From Stern: “A second felt need for intersubjective orientation is to define, maintain, or reestablish self identity and self cohesion – to make contact with ourselves. We need the eyes of others to make contact with ourselves. We need the eyes of others to form and hold ourselves together. Without some continual input from an intersubjective matrix, human identity dissolves or veers off in odd ways.” (Stern, 2004, p. 107)
The symptom feature most consistent with this profound empathy deficit in the Las Vegas shooter is his obsessive focus on video Poker. Gambling was his limited way of activating at least marginal feelings of being alive within the profound abyss of his emptiness of inner being. But for him, gambling remained a solitary activity interacting with a machine – one “machine” with another – devoid of life – devoid of soul. Empty. A routine of emptiness. He was surrounded by the sounds of social activity, but he remained isolated in a shared psychological state with an empty soulless machine – for hours on end.
He was drawn to the social – he went to casinos to gamble – but he did not play at the tables where he would be interacting with others in a shared psychological field. He chose to interact, to establish the intersubjective field of social intimacy, with a lifeless machine. Why? Because that’s the best his damaged intersubjectivity networks – his shared empathy networks – could achieve. His damaged intersubjectivity networks could not establish a “mutual interpenetration of minds” with other people. We were too complex for his rudimentary and damaged empathy networks to absorb and psychologically model. We were as much objects to him as the video Poker machine. His psychological penetration into a lifeless and soulless machine was the best his damaged empathy networks – his damaged intersubjectivity system – could achieve.
He would go the casinos and play video Poker all night long – a deeply lonely life of minimal psychological existence.
He was married twice and divorced twice. Failed relationships. Failed intimacy. He had a girlfriend, a former cocktail hostess (perhaps attracted to his financial support for her). From his perspective, their relationship was unlikely to be what we would generally consider to be a psychologically loving and intimate relationship, because if there had been love and psychological intimacy with his girlfriend this would have prevented his actions. When he sent her to the Philippines to be with her family as he enacted his brutality, she thought he was breaking up with her. She was insecure in their relationship. She was likely little more to him than the video Poker machine, a means of warding off his deep psychological loneliness and alienation.
For years he maintained the appearance of normalcy. He could mimic normalcy by engaging reasonably in social actions, but he could not engage in the “mutual interpenetration of minds” that the rest of us all know as the normal ground of our psychological experience – a broad social nesting in the human community. We belong. He didn’t. His social actions were a pretense, an empty facade. His neighbors in the retirement community described him as socially surly and reclusive, having put privacy barriers on the windows of his home.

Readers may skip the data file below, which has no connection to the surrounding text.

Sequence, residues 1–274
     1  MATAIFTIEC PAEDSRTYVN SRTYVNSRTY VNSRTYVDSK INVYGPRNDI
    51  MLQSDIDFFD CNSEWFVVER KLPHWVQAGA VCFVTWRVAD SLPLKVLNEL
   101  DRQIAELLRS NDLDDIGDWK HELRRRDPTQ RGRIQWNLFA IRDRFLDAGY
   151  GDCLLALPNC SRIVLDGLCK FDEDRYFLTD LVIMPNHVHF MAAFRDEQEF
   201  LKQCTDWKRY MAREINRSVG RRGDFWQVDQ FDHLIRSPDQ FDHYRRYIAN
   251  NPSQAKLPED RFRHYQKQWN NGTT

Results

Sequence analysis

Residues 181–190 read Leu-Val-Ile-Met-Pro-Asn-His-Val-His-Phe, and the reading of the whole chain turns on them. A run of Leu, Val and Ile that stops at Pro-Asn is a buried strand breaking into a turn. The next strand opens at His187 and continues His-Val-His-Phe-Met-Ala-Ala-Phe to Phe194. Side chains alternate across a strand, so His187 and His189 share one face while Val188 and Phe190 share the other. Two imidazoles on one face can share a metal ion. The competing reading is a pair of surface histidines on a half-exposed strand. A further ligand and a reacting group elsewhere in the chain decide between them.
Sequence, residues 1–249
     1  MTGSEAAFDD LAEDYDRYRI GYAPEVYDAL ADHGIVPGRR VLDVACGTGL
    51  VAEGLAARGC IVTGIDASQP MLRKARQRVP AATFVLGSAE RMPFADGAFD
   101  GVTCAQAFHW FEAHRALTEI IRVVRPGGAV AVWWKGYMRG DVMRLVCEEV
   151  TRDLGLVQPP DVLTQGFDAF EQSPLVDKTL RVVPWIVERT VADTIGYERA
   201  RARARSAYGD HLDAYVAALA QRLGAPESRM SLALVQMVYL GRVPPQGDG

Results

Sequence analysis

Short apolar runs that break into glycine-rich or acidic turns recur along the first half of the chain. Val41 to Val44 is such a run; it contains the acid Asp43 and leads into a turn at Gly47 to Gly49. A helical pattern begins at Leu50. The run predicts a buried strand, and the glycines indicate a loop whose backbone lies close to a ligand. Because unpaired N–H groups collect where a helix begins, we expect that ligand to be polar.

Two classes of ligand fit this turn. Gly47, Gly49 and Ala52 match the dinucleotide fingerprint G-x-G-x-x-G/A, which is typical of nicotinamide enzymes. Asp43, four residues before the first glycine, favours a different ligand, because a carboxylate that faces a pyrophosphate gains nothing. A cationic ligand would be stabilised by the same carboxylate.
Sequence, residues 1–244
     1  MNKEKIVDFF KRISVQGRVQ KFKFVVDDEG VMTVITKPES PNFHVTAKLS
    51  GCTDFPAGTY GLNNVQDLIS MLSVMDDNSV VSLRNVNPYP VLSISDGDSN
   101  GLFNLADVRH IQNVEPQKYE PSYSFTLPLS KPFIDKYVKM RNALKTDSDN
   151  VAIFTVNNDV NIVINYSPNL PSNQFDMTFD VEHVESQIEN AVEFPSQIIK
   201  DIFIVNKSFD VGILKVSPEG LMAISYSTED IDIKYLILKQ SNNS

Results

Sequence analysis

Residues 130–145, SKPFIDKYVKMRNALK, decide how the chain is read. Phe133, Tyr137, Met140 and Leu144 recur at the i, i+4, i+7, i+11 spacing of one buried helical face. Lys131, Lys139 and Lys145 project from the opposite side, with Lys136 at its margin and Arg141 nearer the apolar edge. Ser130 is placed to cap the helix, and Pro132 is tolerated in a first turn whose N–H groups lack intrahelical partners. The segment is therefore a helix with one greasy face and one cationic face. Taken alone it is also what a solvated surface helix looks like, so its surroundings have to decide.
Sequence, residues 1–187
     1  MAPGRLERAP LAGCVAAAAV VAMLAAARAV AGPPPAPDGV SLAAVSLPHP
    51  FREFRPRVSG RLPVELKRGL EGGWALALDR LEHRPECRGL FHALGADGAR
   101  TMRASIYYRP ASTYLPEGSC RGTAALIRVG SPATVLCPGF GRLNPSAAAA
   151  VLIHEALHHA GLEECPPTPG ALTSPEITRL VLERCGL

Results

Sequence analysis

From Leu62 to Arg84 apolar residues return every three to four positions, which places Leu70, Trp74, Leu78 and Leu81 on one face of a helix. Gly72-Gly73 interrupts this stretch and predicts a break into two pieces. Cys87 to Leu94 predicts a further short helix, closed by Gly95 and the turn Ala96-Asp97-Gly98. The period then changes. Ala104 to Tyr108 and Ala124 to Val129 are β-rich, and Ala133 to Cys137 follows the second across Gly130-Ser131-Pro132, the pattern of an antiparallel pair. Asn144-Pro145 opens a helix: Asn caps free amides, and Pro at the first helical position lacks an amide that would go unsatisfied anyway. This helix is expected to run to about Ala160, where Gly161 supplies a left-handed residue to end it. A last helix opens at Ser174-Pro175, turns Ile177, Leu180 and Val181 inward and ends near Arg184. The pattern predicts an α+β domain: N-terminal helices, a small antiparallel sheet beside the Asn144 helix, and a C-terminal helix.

Deep in the core of his psychological being he yearned for social connection, he yearned to belong to the human community, but this belonging was forever denied him because of the damage to the empathy system (intersubjective system) of the brain. He yearned for us, and he simultaneously hated us because we were bonded in a shared social community that he could never join. He was forever the small child standing alone outside on the icy cold winter’s sidewalk, peering through the window into the warm social gathering of friends and social bonding of the festive holiday party. Forever denied to him. Yearning to belong, but an impossibility. Jealous of our bonding.
There is an adage in clinical psychology, a general rule-of-thumb that can sometimes be useful in understanding the inner experience of others, “People make us feel the way they feel.” It is the most primitive form of achieving empathy:
“Now you know what I feel, because I’ve made you feel it too.”
The frightened person adopts a threatening stance of powerful intimidation to transfer this person’s own fear into us. We now understand their fear because we feel it – we are afraid. The person who is deeply sad and hurt will say and do things to make us sad and to hurt us. Now we know how they feel. We feel their pain, not as the more advanced shared experience of empathy, but in its primal raw form. We feel sad and hurt, just like they do.
By killing us, the shooter communicated to us how profoundly and deeply hurt and alone he was. We were objects because he was, existentially, an object. Like the video Poker machine of his psychological intimacy. He lashed out at humanity, random and impersonal, causing immense pain and suffering, taking away our loved ones, leaving us as alone as he was, suffering. Now we know how he feels – his act was a primitive cry for empathic joining to a human community from which he was forever excluded because of his deeply damaged brain networks for empathy and intersubjectivity.
His victims and the suffering of their families were objects. Welcome to his world as an object, excluded by his absence of empathy from belonging to the human community. His only intimacy was with a video Poker machine. Two objects in a shared psychological state of emptiness.
This is the first door.
Craig Childress, Psy.D.
Clinical Psychologist, PSY 18857